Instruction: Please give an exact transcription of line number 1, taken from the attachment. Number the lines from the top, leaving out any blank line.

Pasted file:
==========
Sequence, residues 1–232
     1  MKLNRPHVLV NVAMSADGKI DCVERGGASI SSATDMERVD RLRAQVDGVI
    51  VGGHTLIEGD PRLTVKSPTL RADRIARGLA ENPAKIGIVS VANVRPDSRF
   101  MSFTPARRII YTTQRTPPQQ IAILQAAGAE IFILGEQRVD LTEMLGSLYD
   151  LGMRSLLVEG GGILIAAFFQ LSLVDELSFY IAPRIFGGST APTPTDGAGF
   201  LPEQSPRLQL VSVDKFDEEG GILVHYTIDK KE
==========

Sequence, residues 1–232